- About SoES
- Roll Call
- Some Honorary Degrees
- Honorary Degrees – Professor Derrick Swartz (1989-1995): Oration, 2008
- Honorary Degrees- David Lockwood
- Honorary Degrees: Howard Newby (1967-1988): Oration
- Honorary Degrees: Howard Newby (1967-1988): Response
- Honorary Degrees: Response by Derrick Swartz 2008 (1989-1995, MA PhD)
- Honorary Degrees: Ruth Lister (1967-70); Response
- Tales from ‘Imaginations’
- Tales from past folk
- The Troubles at Essex 1974 Michael Mann
- Peter Townsend: The Fortunes of Sociology at Essex 1963-1982
- Visiting Professor, Scholars, Lecturers
Posts Tagged Hong Kong
Raymond Chan (MA 1989, PhD 1996)
Posted by stories of essex sociology in Alumni, Around the world, Uncategorized on February 5, 2014
Ken asked me to write a short piece to share my memory of my encounter with Sociology Department at Essex, which I am delighted to do so.
I learnt about Sociology at Essex from my former teacher Sammy Chiu (who had been at Essex in 1982 to 83). Those big names such as Peter Townsend, Stan Cohen, David Lockwood, Paul Thompson …; and the radical and progressive academic atmosphere attracted me. With all those fantasy and romantic dreams on studying overseas, I came to Essex to study the MA in Social Service Planning programme (which ceased to be on offer from the early 1990s) in 1988. I was greeted by Dennis Marsden along the corridor (in fact, he sent me most of the course outline months earlier so that I could prepare better), and then, a warm welcome by Brenda Corti who showed me my pigeon hole in the Sociology Reading Room. The Reading Room became my favourite place to meet friends and fellow students (and I learnt how to refill the coffee powder in the machine, and drink coffee on and on every day). It was there I found two Hong Kong students (C H Ng and W K Chan) were in there final stage of PhD study in the Department. I was very fortunate to have the Department’s support and then receive a full scholarship to support my study. Without this, I don’t think I could have come to Essex. It proved to be a turning point of my life.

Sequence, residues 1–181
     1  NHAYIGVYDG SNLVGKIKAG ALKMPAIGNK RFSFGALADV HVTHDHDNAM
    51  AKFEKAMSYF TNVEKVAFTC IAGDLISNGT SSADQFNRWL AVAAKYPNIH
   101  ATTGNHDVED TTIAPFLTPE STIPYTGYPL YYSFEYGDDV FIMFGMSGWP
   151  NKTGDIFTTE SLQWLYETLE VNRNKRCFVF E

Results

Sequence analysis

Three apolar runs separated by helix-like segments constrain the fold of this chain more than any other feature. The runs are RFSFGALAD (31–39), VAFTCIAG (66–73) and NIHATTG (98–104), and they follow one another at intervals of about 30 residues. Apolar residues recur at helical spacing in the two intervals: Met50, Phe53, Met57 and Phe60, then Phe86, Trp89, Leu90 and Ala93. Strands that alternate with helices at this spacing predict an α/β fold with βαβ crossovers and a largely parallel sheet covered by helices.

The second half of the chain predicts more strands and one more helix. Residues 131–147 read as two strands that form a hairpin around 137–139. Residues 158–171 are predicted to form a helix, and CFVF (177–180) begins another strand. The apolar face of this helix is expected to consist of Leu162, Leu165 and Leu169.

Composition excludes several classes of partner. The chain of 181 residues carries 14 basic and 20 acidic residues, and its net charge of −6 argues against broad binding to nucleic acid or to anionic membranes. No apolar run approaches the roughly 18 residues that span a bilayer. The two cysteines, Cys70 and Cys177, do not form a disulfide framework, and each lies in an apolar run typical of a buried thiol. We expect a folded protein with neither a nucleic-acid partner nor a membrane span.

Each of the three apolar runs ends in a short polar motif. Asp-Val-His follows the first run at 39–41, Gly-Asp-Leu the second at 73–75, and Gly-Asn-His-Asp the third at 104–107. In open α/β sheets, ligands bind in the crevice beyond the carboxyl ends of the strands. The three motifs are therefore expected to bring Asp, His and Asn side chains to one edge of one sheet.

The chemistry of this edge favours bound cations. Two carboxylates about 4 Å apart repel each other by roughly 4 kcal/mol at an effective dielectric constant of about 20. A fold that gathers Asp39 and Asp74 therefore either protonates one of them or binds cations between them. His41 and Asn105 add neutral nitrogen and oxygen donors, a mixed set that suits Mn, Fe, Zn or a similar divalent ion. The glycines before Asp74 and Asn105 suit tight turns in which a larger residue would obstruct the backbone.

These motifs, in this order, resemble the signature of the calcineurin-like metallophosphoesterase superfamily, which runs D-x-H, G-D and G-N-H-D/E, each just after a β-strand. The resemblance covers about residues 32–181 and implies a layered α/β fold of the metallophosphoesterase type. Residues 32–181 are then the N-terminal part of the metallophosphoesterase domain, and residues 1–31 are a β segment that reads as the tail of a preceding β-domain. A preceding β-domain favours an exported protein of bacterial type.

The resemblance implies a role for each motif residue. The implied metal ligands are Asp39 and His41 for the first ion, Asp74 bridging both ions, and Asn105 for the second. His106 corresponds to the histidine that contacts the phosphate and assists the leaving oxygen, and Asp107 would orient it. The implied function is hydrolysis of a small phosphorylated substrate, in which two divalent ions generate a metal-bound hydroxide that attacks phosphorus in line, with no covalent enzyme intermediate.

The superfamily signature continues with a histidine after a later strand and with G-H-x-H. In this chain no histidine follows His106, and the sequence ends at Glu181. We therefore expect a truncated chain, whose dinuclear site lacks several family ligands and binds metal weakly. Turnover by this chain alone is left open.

Yet, I was probably not too ready for academic study at that time, and did not perform very well during this year. Nevertheless, it gave me an eye-opening experience, being exposed to a variety of theories and perspectives, staff with diverse academic interests, and personal contact with students from all over the world. I was also impressed by the very informal and warm atmosphere in the Department, with a lot of social activities: the graduate workshop and conference at Clacton-on-Sea, the gatherings and interesting discussions in The Rose and Crown at Wivenhoe (I can now find it on Google Earth!), Chinese meals at the relatively cheap Dragon House also at Wivenhoe (I still have a picture with Omololu Soyombo who is now at Lagos University, and Moha Asri Abdullah who is now with International Islamic University Malaysia). I also remember Mary Girling’s lovely dogs sitting quietly in the Reading Room. May to June 1989 was a dramatic and traumatic moment for many Chinese students, for the things happened in Tiananmen Square. And the Department staff were very understanding and supported us in organizing actions on the campus. In that year, I also experienced many personal challenges, and I was so grateful to the support from Dennis, Michael Harloe, Brenda, Mary and many others, that I could recover quickly to complete my dissertation (supervised by Michael) in August and then have time for a lovely “run-the-England / Scotland” trip with Moha.